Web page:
Apple has been loading up on video game-related patents recently, but so far all of its controller copyrights have made the ideas seem like single-player affairs.
This week, however, it was revealed that the Cupertino company was granted a multiplayer gaming patent along with 42 other successful patents filed with the U.S. Patent and Trademark Office.
While the application doesn't spell out a long-rumored Apple game console, it does lay out different types of networks that could relay gaming media content.
"Apple's focus zeros in on delivering a very high-end video gaming experience specifically for multiplayer gamers," noted Patently Apple, which rifled through the patent application today.
"[Gamers] will be able to use chat, video and other forms of communication while gaming with their buddies," noted Patently Apple, which rifled through the patent."
Game time for FaceTime?
In addition to setting up a process for joining and inviting other players to multiplayer games, the patent details how gamers would be able to initiate in-game audio chat sessions.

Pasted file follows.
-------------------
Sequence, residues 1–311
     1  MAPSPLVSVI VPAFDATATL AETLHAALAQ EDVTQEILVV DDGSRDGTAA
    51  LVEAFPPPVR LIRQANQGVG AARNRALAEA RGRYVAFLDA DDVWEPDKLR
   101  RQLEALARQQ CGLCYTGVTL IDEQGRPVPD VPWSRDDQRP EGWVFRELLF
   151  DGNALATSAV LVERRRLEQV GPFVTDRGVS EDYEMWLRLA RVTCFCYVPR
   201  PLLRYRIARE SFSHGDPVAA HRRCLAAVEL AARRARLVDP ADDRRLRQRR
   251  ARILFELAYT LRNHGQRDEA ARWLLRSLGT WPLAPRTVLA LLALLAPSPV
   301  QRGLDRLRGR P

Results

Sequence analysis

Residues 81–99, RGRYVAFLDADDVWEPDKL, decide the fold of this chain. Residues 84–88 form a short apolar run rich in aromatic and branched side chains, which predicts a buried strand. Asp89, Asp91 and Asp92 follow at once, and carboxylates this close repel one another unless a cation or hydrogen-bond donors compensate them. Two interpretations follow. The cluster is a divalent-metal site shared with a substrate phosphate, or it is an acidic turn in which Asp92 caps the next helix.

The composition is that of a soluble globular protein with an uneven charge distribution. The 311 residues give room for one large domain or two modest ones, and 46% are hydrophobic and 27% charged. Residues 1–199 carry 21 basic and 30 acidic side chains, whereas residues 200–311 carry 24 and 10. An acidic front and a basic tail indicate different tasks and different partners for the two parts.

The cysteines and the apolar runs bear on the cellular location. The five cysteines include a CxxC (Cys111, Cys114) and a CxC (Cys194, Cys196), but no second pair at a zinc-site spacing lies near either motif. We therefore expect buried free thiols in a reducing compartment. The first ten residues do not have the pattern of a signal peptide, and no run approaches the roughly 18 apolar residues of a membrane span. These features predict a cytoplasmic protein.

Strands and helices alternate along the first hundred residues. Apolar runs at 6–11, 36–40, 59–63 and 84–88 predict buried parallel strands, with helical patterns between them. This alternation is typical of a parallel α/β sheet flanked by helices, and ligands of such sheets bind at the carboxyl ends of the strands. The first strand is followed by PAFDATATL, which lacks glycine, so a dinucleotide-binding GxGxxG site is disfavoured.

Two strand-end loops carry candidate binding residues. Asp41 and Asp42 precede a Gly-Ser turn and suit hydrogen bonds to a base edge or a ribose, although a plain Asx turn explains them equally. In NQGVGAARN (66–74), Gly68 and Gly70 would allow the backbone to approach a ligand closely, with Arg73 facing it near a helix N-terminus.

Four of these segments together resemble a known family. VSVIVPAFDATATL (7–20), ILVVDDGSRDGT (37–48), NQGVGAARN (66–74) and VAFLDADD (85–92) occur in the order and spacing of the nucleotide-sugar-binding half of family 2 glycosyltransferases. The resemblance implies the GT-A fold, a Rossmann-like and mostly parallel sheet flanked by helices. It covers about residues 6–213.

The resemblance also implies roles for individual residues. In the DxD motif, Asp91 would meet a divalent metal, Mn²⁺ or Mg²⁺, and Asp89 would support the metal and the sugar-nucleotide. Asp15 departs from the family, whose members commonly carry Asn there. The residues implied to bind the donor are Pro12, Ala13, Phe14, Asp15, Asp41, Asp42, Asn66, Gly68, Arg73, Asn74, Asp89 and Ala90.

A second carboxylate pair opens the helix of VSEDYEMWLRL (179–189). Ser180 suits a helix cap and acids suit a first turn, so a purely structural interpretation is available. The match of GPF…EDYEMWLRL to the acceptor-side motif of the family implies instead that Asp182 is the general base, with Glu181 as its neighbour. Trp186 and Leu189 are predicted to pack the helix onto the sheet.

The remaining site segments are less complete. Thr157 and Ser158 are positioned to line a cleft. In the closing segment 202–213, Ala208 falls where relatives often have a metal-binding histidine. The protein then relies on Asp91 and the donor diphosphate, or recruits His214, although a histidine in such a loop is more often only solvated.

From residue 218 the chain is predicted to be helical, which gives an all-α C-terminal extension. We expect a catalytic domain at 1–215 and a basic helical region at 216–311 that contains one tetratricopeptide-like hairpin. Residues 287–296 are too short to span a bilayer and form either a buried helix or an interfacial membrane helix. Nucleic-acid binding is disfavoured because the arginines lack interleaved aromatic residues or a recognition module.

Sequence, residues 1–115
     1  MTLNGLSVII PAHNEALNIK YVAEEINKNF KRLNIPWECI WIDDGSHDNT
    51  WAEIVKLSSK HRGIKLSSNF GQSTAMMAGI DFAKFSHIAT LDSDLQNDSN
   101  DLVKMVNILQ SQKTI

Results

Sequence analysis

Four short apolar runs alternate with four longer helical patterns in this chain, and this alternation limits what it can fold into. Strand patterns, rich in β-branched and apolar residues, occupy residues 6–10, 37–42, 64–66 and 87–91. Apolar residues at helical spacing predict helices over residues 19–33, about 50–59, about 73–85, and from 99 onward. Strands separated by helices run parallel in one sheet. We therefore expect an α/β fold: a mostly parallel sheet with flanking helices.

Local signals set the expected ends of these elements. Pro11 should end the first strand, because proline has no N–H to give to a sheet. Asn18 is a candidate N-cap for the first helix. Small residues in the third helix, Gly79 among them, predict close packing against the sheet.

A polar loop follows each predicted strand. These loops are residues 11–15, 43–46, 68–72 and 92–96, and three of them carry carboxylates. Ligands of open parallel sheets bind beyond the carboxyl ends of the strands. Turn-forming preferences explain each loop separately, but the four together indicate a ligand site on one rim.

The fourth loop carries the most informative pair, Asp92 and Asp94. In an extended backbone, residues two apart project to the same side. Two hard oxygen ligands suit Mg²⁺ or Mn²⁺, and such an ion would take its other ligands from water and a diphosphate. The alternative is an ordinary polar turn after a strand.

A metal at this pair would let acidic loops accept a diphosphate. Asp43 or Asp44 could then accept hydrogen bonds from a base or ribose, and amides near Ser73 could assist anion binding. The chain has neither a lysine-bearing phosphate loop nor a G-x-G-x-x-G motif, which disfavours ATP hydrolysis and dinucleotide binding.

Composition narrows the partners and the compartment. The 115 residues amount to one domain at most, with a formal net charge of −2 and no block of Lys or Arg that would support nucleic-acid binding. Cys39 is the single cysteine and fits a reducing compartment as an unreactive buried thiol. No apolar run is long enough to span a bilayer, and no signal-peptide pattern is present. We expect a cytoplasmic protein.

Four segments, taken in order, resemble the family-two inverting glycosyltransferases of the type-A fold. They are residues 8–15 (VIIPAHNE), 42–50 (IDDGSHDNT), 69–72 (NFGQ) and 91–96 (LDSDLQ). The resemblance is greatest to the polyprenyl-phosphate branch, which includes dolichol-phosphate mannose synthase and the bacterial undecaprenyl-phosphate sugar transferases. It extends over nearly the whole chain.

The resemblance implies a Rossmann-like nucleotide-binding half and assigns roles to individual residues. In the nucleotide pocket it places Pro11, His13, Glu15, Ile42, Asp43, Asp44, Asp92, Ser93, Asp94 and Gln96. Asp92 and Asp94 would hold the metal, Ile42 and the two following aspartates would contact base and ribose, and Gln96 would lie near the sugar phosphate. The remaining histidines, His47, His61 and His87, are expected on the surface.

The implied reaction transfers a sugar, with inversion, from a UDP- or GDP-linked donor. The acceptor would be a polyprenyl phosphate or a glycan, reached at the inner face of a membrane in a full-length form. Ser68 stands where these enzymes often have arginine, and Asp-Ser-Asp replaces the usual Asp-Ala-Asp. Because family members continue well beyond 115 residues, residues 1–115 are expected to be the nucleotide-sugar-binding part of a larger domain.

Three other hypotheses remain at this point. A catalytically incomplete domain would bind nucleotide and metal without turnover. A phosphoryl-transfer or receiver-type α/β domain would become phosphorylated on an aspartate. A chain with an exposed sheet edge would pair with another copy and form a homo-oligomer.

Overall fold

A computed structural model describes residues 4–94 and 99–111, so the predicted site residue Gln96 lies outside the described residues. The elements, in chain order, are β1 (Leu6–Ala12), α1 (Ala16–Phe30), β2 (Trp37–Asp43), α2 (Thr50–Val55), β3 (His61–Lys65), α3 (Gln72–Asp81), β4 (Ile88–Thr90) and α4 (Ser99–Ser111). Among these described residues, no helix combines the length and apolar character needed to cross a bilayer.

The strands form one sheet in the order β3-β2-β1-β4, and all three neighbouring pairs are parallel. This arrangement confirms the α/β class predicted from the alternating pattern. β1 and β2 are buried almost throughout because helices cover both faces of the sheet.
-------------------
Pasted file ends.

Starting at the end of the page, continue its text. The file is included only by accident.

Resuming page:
This could extend between both desktop computer and mobile devices, demonstrating that this multiplayer gaming patent may cover everything from Macs to iPhones to newer technologies.
Whether or not the in-game chat capabilities outlined in this patent are intended to include video, along the lines of FaceTime, remains to be seen.
Apple's gaming prospects
This newly published Apple multiplayer patent gives credence to the theory that the company is turning to gaming when exploring, as Tim Cook said, "exciting new product categories."
The impact of an dedicated Apple gaming machine could destroy console gaming, according to a former Microsoft lead engineer and Xbox co-founder Nat Brown.
Agreeing with this former video game industry head, 50 percent of Brits polled said they would put money down on an Apple game console.
With analysts sour on the prospects of the new Xbox and PS4 matching current generation-console sales, Apple's gaming competition in the future may actually be Google, which is also patenting multiplayer services in a hurry.